Whether they’re active kittens or full grown adult cats, cats must consume food regularly to survive and thrive. They need about 24 to 35 calories a day per pound to keep them within their normal weight range. These calories are spread out into smaller meals that sustain them throughout the day. (In fact, a few tablespoons of canned food or ⅓ cup of kibble can already fill a cat’s small stomach!) If you notice that your cat is constantly eating, always asking you for food, or looking for food in her bowl more than usual, she may not be really hungry. Instead, she may be experiencing a health-related problem or manifesting her feelings through the way she eats.
To cat parents and foster carers reading this post, please remember that this article is only a guide. We want to equip you with all the information you need to assist your cat. Consult with a veterinarian as soon as you notice any major changes in your cat’s eating habits.
Does it seem like your cat is hungry all the time? Here are 7 possible reasons why:
1 Your cat’s daily nutritional needs aren’t met.
Feeding your cat incorrectly can make her feel hungry all the time. Underfeeding her or giving her low-grade cat kibble won’t provide her with the essential nutrients she needs to get through the day. To make sure you’re feeding her right, speak with your vet and factor in your cat’s age, size, needs, and health concerns.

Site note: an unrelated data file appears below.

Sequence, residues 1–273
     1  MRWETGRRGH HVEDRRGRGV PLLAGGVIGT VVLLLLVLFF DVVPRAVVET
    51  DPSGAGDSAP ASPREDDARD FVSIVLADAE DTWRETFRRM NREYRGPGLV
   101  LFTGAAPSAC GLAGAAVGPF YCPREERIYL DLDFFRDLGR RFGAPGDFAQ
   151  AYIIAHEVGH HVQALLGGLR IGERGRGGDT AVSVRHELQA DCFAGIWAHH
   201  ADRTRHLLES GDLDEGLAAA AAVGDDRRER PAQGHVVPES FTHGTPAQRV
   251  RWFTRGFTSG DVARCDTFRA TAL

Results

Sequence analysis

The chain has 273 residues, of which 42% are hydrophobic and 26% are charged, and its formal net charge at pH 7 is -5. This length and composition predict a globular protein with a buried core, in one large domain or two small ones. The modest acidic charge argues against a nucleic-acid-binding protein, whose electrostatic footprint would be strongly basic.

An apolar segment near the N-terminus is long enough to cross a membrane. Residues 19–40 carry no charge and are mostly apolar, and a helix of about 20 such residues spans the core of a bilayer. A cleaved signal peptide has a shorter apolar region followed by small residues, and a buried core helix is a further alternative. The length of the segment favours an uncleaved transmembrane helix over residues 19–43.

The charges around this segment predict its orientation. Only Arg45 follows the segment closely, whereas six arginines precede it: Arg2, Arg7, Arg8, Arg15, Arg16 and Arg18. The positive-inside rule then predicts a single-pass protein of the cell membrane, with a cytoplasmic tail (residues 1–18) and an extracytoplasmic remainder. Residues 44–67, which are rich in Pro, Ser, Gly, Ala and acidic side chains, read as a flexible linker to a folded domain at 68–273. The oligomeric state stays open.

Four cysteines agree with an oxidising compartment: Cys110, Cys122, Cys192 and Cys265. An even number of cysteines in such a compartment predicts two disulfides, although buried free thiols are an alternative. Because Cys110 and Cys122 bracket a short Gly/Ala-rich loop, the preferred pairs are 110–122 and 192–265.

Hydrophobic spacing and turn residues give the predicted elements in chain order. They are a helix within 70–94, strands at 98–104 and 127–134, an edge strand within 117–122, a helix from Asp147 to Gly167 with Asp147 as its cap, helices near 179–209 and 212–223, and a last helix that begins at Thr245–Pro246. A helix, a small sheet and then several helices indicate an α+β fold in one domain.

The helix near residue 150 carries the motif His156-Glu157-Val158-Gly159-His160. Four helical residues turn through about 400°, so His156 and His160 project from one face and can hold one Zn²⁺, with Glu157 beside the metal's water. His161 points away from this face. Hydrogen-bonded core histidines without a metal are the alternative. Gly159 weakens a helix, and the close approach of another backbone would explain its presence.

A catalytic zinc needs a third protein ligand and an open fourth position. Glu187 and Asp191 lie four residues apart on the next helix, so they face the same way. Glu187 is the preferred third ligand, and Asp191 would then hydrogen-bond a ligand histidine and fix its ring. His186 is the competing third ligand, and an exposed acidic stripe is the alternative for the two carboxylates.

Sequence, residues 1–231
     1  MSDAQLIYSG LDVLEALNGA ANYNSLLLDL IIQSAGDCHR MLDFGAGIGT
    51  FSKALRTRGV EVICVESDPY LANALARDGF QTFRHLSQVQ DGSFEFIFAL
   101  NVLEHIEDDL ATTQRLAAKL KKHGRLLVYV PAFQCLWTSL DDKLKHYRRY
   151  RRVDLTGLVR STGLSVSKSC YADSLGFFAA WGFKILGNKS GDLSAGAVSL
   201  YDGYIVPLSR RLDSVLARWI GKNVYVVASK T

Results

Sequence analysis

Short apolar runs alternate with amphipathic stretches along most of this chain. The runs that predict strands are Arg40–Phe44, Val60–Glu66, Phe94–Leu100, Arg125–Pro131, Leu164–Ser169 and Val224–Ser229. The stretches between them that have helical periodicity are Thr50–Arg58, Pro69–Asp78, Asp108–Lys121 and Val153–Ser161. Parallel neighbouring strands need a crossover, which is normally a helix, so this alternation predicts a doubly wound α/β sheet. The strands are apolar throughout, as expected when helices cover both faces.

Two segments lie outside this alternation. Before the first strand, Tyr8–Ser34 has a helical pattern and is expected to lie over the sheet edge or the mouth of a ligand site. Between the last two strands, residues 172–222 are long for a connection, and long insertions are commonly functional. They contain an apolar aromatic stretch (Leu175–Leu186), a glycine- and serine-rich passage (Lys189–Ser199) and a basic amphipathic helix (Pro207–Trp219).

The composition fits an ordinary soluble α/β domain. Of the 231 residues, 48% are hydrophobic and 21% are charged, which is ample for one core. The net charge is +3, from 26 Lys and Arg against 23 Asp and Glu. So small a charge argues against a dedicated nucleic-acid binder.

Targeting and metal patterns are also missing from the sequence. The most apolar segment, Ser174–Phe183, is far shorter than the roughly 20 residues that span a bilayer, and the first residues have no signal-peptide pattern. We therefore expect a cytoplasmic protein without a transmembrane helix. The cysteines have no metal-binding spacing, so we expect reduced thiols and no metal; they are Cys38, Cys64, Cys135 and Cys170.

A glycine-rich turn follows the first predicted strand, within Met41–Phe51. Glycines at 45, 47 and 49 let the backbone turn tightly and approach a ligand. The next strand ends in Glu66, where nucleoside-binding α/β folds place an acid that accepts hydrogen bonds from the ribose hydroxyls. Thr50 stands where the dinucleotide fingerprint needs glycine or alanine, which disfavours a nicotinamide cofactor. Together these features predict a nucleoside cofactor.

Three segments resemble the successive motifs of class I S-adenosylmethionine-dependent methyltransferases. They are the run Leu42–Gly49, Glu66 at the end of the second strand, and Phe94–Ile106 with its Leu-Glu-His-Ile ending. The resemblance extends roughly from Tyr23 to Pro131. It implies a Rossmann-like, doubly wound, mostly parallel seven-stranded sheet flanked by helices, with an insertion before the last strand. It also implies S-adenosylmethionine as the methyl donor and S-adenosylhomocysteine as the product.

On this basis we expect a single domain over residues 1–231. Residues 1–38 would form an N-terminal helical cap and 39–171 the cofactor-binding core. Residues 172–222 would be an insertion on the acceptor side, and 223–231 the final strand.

Kittens grow rapidly during the first few weeks of their life, so they need to consume mother’s milk or kitten glop, and eventually, high-quality soft food containing a balanced mixture of protein, amino acids, vitamins, minerals, fat, and carbohydrates. Meanwhile, the energy requirement of some senior cats notably increases by the time they turn 13. They lose their ability to digest fat, so they need more calories to make up for the deficit.
2 Your cat is bored or lonely.
Neglected cats may turn to food to keep themselves entertained. Common signs of cat boredom include overgrooming, chasing or fighting with other pets, lack of curiosity, and moping around the house.
To combat boredom, provide your cat with an enriching environment by setting up scratching posts and high spaces to hide, making toys (create toilet paper rolls or a lavish cat house!) you can both play with, or even building her an outdoor catio. If you’re leaving your cat for prolonged periods of time, it’s best to get her a companion in the form of a trusted cat sitter or a newly adopted kitten that she can bond with.
TIP: Make sure to introduce a cat to a kitten slowly so that both cats won’t get stressed out.
3 Your cat is depressed.
Aside from boredom or loneliness, your cat may also be depressed. There are many possible causes of depression, ranging from changes to a cat’s daily activities to loss of daylight hours during wintertime.
If your cat is depressed, she may be acting in unusual ways. Symptoms include a noticeable increase or decrease in appetite, activity, and vocalizations. Aside from these changes, other cats may exhibit the following: anxiety, lethargy, pacing, hiding, crouching, lack of interaction with humans, lack of interest in favourite hobbies, sleeping all the time, undergrooming, inappropriate urination, destructive behaviour, aggressive behaviour (biting, scratching, or hissing), and needing more attention than usual.